3 Top Reasons Conventional Cotton Is Terrible for Mother Nature
Cotton is one of the most widely used fabrics all over the world. One of the earliest fibers to be ever grown by humans, cotton is known for being comfortable, breathable, durable, and skin friendly. Cotton sheets, cotton clothing, cotton napkins, and diapers are some of the products used by us on a daily basis. Because its durable, cotton is also good value for money, lasting several years. Cotton products can also be used throughout the year, without getting too hot or too cold at any time.
There is evidence to prove that cotton existed over 7000 years ago in Mexico. Unfortunately, most of the cotton produced today isn't sustainable at all. In fact, conventional cotton is one of the biggest reasons for soil, water, and other environmental pollutions. Cotton is in huge demand everywhere around the world, so the manufacturing process relies on various artificial means to yield higher produce. Close to 90 countries worldwide produce cotton, but more than 75 percent of the global production happens in the United States, West Africa, China, India, Pakistan, and Uzbekistan. The problem is, most of these countries aren't exactly known for being eco-friendly.
How Is Cotton Cultivated?
The cotton that we get to see and use is the product of a long manufacturing process. The soft and fluffy cotton grows inside the pods of the cotton plant and burst open when it's time to be harvested. Conventional cotton isn't handpicked. The crop is harvested by stripping machines and then put into a machine called “gin” for removal of leaves, stems, and dirt. The fiber and the seed are also separated. This resultant fiber is called lint that is compressed into “bales”. These bales are then transferred to textile mills for being converted into fabric.
Non-organic cotton doesn't adhere to safe or eco-friendly production standards. Here are three ways it harms the earth:
Use of Chemicals
Out of all crops grown around the world, cotton farming uses the maximum amount of chemicals. This sounds ironic because cotton is known as one of the most sustainable fabrics. Cotton farming contributes to 24 percent of global insecticide use, with seven out of 15 of the most carcinogenic chemicals used for the plantation. Besides harming the ecosystem, these chemicals also kill the healthy insects, making way for more potent pests. The manufacturing of cotton fibers also use toxic chemicals for bleaching and dyeing, all contributing to environmental pollution.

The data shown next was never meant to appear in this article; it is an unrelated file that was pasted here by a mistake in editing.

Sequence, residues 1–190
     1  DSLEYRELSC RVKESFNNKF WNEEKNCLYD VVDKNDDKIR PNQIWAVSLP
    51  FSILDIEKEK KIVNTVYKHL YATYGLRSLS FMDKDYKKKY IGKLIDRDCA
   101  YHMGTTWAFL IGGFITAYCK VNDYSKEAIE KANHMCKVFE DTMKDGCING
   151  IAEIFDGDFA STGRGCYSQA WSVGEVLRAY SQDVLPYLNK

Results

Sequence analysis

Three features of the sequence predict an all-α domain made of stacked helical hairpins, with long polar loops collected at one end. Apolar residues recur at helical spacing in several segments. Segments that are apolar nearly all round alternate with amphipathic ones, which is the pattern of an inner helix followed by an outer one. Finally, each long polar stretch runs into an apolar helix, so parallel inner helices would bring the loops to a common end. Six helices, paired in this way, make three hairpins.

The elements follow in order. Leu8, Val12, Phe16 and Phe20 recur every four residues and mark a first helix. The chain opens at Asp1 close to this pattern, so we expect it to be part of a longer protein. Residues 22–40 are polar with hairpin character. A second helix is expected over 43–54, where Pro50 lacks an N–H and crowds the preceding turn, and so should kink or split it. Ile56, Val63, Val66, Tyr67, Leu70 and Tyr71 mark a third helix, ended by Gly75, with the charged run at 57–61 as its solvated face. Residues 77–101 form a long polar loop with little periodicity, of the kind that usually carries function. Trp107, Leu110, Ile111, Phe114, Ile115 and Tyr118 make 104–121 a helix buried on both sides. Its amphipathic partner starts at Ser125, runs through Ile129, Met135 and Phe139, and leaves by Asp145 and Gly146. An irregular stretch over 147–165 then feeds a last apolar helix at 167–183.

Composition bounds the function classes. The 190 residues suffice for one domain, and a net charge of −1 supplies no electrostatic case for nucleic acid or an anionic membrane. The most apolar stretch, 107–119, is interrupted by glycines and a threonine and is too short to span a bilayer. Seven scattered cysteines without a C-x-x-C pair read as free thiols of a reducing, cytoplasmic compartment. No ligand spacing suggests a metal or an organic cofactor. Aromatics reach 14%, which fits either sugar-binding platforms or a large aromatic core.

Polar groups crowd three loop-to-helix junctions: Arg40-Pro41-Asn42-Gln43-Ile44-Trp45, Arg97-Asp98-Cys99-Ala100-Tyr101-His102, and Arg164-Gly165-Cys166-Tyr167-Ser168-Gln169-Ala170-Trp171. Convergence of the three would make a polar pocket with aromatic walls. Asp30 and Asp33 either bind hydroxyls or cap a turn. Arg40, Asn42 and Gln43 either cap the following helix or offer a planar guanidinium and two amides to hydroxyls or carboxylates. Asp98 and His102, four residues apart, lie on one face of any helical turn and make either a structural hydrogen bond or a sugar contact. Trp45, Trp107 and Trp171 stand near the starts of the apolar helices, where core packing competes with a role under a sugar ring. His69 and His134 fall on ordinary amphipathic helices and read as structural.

Since cotton farms are located near the rivers, leaching and drainage systems are used to prevent water logging and salinity of the soil. When this wastewater drains into the river, it takes along the salt, pesticides and the fertilizers. This harms the fish and also makes the water unsafe for consumption. Cotton production also requires excessive use of water, leading to the drying of rivers and lakes.
Genetically Modified Crops
The use of genetically modified cotton varieties has gone up significantly in recent years, accounting for almost 30 percent of all cotton grown now. These modified crops resist insects and weed killers. The problem is that pollen dispersal carries the modified genes to other organic cotton crops nearby and contaminates those fields. Genetically modified cotton is also harmful to human health in the long-term, even though cotton isn't consumed internally.
Organic cotton is the solution to all these problems. Organic cotton farming is done without the use of chemicals, and the process doesn’t involve water pollution, wastage, or inhuman treatment of animals. Although expensive, organic cotton is a healthier alternative to conventional cotton and does not pose any harm to the environment.